A select few retailers are getting closer to getting Uzbek cotton out of their supply chains. These include J. Crew, and Hanes, the t-shirt maker; some others don't want to be named until they are further along in the process. But some corporations are just plain recalcitrant, including those named above.
When I go to buy school and play clothes for my 5 and 6 year olds, the last thing I want to think about are their Uzbek coevals shivering out in the fields getting dysentery from canal water. So in addition to returning the clothes I've bought from Gymboree lately, I'll be sending this email to Matthew McCauley, Gymboree's CEO, as well as his callous colleagues. Please join me.
Of all the companies named by the International Labor Rights Forum on this year's Sweatshop Hall of Shame for the use of Uzbek cotton, LL Bean was the fastest to respond, and vowed to (eventually) exclude it from their supply chain. Let's hope their follow through is as exhaustive as their initial response was rapid.
Read more on the ILRF blog here. If you buy LL Bean products, take time to let their corporate office know that this is important to you.
It wasn't too much of a surprise to read that the Dubai Multi Commodities Centre bonds were placed on credit watch negative recently, after being downgraded to junk status in June. Is a business model built on willful, knowing exploitation of forced child labor really sustainable in any sense?
Maybe five years ago, traders could claim ignorance about Uzbekistan's mass child enslavement for the cotton harvest. Not anymore. Multiple actors have approached the Dubai Multi Commodities Centre with the evidence directly, at least from 2008. In July of this year the American Apparel and Footwear Association, in league with the (U.S.) National Retail Federation and two other major trade groups, wrote to the DMCC director, David Rutledge, and requested action. The DMCC, after all, is a critical actor enabling the Uzbek government to profit from it exploitive practices. And what action was taken? A big roll-out of new services at the Tashkent Cotton Fair, and more cotton purchases: the DMCC traded 20,000 tons by October and (Dr. Rutledge has since been replaced by the former head of the Dubai Gold Exchange, Malcolm Wall Morris.)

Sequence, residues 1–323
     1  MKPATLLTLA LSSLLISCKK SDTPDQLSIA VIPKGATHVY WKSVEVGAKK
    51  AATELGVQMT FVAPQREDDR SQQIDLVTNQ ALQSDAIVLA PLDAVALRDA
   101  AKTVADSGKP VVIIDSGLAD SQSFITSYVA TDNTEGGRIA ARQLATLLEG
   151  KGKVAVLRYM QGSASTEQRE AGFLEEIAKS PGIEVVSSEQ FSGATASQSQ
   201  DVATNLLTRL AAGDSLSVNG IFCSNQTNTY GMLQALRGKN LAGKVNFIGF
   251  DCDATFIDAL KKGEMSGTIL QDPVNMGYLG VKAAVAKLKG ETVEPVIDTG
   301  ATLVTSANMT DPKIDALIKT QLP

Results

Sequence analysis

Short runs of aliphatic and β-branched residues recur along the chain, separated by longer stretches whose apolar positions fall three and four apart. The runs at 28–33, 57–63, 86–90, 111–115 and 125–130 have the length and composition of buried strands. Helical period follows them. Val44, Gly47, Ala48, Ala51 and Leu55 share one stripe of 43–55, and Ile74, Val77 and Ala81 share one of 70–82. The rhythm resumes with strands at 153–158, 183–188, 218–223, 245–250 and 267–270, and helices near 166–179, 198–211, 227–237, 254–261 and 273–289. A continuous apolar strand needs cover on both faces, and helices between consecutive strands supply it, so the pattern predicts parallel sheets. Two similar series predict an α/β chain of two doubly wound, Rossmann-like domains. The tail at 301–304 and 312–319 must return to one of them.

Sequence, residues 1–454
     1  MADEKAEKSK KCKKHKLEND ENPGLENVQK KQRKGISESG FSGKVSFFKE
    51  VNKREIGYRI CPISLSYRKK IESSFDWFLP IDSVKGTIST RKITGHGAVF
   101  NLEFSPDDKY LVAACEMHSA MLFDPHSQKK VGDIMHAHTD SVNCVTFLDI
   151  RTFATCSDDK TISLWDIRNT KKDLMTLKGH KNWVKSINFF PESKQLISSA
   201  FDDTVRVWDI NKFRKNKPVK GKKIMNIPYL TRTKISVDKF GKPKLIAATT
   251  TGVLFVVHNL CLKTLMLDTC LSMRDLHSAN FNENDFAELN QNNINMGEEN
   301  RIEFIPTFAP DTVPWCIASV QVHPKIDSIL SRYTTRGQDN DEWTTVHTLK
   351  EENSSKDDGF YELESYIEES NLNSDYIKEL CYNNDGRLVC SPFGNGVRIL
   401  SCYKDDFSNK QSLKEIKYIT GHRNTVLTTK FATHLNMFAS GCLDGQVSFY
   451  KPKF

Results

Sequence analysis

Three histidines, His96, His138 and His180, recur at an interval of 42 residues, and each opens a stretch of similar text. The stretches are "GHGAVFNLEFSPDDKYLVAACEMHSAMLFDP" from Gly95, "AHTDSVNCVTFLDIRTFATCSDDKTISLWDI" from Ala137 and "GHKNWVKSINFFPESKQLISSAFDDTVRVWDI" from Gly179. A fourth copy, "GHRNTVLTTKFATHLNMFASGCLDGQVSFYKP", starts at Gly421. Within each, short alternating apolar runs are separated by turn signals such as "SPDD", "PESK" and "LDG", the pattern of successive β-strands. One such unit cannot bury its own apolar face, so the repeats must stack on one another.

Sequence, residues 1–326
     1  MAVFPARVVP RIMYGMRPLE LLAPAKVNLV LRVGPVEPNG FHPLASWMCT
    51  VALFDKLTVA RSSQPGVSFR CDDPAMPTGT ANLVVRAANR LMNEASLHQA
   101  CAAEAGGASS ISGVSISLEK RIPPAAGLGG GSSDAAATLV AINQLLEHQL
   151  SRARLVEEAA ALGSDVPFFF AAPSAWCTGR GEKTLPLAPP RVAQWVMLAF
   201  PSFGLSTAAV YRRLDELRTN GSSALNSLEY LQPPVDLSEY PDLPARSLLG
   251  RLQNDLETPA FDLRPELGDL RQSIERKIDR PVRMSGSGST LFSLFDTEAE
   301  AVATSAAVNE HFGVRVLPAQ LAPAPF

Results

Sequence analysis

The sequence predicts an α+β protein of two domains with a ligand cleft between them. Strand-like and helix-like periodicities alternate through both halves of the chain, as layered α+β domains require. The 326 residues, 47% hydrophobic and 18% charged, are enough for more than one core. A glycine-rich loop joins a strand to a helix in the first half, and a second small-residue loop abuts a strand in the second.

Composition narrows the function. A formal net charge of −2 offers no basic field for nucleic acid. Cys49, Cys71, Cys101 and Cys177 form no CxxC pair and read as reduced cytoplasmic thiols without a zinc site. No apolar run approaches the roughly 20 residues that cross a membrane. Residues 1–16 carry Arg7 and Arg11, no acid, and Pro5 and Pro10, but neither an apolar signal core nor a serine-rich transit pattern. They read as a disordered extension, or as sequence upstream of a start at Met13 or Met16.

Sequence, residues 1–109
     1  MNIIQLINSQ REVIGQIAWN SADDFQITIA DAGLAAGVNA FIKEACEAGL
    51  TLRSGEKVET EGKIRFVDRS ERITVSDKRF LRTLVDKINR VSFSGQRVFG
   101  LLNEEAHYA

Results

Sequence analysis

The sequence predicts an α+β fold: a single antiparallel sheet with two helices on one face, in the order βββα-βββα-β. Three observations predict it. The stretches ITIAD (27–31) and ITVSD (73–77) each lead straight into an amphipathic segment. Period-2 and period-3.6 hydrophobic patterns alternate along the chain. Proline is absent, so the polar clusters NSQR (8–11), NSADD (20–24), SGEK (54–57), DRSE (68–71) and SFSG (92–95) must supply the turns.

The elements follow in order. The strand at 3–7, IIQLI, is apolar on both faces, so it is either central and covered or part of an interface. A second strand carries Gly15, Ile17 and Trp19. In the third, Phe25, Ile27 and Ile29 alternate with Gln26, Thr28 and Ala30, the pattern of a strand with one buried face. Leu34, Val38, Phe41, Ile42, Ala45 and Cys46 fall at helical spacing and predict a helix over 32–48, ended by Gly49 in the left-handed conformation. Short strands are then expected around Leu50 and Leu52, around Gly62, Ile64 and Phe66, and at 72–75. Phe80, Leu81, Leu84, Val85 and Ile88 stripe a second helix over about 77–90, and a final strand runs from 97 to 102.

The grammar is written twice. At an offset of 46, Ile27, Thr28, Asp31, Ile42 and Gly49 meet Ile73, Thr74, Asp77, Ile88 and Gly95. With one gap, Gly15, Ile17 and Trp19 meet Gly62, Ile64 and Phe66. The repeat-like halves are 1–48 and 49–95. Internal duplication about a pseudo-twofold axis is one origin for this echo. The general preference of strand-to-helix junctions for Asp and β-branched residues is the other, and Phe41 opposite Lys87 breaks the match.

As the cotton works its way up the production chain, consumers are sending the message to retailers (and many retailers are reacting...and those that are not are being called on it). But the first-line facilitators of this outrage such as the DMCC have an obligation to act, too.
The International Labor Rights Forum released its list of Sweatshop Hall of Shame inductees for 2009. They include some of the best-known American retailers of children's clothing...who refuse to stop profiting from the exploitation of children in Uzbekistan. ILRF writes:
While over 25 companies have committed to boycotting the use of Uzbek cotton until the government ends its abusive labor practices, there are still many companies that haven’t stepped up to the plate. Gymboree, Hanes, and LL Bean have been contacted and yet they refuse to concretely address this pervasive problem.
Radio Free Europe/Radio Liberty reports that Uzbek college students are regularly being expelled for refusing to pick cotton.
With that kind of a black mark in their past, any expelled student has little chance of ever completing higher education at home, which leaves the most likely option for survival in a country with mass un- and underemployment that of migrating for seasonal manual labor to Russia. But in the downturn, thousands of those migrants have been forced to return home...or forced into criminal activity.